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News stories tagged with "suny-esf"

SUNY Plaza, Albany
SUNY Plaza, Albany

New grant monies a challenge for SUNY

Governor Andrew Cuomo is leaning on New York's network of public colleges to play a bigger role in economic growth and he's proposing to provide the resources to do so.

But there could stiff competition for those funds, as the Innovation Trail's Ryan Delaney reports.  Go to full article
Butanol produced from wood is an alternative to corn-based ethanol. Photo: SUNY-ESF
Butanol produced from wood is an alternative to corn-based ethanol. Photo: SUNY-ESF

Wood-based biofuel coming to a car near you

As summer driving season gets underway, researchers at SUNY's College of Environmental Science and Forestry continue work on a greener alternative to power your car. Emma Jacobs took a bio-fueled test drive for the Innovation Trail.  Go to full article
Nicholas and Peter on Schuyler Island (Photo: Brian Mann)
Nicholas and Peter on Schuyler Island (Photo: Brian Mann)

Freedom in the woods and fields is more than just fun for kids

Not so long ago, most kids spent as much of their summer vacations outdoors as they could. Fair weather and free time allowed an escape after months indoors at school.

But researchers as well as parents are seeing children spend more and more of their escape time in front of computers and televisions. And they're worried about the consequences.

As Brian Mann reports, there's growing evidence that a summer spent in the fields and woods isn't just fun, it's important, too.  Go to full article

Newcomb VIC to remain open

One of two visitor centers in the Adirondacks that Gov. David Paterson had targeted for closure earlier this year will remain open, under new ownership. The SUNY College of Environmental Science and Forestry has reached an agreement with the Adirondack Park Agency to take over the agency's Visitor Interpretive Center in Newcomb. The APA will transfer ownership of the facility to SUNY-ESF on July 1, six months before it was scheduled to be shut down, along with Paul Smiths VIC. As Chris Knight reports, officials say the mission of the Newcomb visitor center will continue under SUNY ESF.  Go to full article

Crowding out the earth? A conversation about population and climate change

It's Earth Day. All over the world, millions of people will be celebrating and speaking out about the critical environmental challenges. Slowing climate change tops contemporary lists. But researchers at SUNY's College of Environmental Science and Forestry say people are a rapidly growing part of the problem. In a statement issued this week, SUNY researchers argued that population control has to be a part of any long-term fix to the global warming. Brian Mann has more.  Go to full article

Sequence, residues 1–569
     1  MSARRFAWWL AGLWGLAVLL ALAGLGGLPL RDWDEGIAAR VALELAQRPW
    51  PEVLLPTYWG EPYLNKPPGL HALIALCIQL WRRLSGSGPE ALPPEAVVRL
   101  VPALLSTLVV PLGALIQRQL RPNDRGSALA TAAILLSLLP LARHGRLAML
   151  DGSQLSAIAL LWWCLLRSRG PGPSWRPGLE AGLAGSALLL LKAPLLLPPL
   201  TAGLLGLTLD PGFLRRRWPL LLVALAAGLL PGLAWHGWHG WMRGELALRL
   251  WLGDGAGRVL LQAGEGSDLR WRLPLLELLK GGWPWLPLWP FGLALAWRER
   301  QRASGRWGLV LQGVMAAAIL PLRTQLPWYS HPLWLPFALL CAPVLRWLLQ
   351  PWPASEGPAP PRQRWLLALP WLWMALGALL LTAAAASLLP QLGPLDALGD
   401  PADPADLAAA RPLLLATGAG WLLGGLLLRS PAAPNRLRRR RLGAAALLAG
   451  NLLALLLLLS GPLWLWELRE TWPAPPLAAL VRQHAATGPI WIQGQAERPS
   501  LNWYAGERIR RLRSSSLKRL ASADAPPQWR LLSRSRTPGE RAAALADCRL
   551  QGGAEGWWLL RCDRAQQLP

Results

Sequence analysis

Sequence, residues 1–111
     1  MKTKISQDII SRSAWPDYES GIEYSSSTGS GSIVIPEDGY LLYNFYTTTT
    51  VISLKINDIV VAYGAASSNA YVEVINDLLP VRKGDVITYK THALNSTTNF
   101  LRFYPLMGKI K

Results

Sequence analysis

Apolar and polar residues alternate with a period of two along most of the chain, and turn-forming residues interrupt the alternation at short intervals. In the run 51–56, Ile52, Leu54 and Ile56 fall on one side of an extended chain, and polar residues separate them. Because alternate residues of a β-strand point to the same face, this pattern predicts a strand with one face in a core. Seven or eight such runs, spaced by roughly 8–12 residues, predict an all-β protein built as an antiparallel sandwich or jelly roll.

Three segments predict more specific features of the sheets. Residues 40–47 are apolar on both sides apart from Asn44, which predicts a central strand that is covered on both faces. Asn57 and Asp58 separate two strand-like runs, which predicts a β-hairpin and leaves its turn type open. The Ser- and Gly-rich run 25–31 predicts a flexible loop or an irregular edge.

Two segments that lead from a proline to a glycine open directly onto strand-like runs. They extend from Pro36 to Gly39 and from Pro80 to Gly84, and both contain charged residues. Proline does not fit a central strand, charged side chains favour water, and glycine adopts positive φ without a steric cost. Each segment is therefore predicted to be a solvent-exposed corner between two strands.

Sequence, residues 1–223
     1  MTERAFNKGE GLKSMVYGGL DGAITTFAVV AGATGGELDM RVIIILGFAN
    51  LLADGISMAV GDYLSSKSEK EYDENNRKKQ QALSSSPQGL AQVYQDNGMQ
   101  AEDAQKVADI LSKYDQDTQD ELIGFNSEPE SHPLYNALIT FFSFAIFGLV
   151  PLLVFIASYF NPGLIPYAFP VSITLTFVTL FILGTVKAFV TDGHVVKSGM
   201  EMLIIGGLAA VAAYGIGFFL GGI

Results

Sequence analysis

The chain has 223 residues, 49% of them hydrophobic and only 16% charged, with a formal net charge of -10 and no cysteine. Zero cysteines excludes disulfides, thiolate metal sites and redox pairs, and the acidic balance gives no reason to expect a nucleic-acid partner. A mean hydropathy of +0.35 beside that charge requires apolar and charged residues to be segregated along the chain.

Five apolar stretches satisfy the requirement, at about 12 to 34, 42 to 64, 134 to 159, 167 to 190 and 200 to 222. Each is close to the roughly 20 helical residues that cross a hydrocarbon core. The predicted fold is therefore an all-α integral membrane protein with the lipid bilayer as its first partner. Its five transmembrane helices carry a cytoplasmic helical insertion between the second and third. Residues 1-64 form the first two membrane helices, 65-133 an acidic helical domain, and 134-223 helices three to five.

Virus Threatens River Muskies

Biologists are concerned a new fish virus may become an ongoing threat in the St. Lawrence River. DEC officials have confirmed Viral Hemorrhagic Septicemia, or VHS, killed hundreds of round gobies, an invasive species, last month near Cape Vincent. The virus also killed 18 muskies, a prized native fish in the St. Lawrence. The DEC says it hasn't affected river trout or salmon populations so far. David Sommerstein spoke with John Farrell. Farrell directs SUNY ESF's Thousand Islands Biological Station near Clayton. He says the virus is common in Europe and Japan, and in saltwater in the Pacific Northwest. It first showed up in the Great Lakes watershed last year, in the Bay of Quinte in Lake Ontario.  Go to full article
Researcher Heather Root goes to work (Source: H. Root)
Researcher Heather Root goes to work (Source: H. Root)

Researcher Finds New Mite Species in Adks

A researcher from the SUNY College of Environmental Science and Forestry has discovered a brand new species living in the Adirondacks. Heather Root, who grew up in Essex, Vermont, found at least one new type of tiny tree mite in the maple tree canopy at the Huntington Wildlife Forest near Newcomb. Root presented her discovery last month at the Ninth Annual Northeast Natural History Conference in Albany. Root did her research while dangling in a harness high above the ground. She told Brian Mann that she also found rare forms of lichen, not seen in the Adirondacks for decades.  Go to full article
Ross Whaley
Ross Whaley

APA Chair Ross Whaley: Everyday Challenges, Future Visions

Ross Whaley came to the Adirondack Park Agency last September from the SUNY College of Environmental Science and Forestry in Syracuse. He was president at ESF for 16 years, and then was University Professor. As Professor, his interest was the political economy of sustainable development. As chairman of the Park Agency, that's still where his interest lies. But it's now focused on the 6 million-acre park, where he sees the potential for a model of environmental and economic symbiosis. Realizing the vision is largely in the future. Whaley told Martha Foley his first year has been taken up with learning the ropes, and responding to challenges he's inherited from the first 30 years of APA history.  Go to full article

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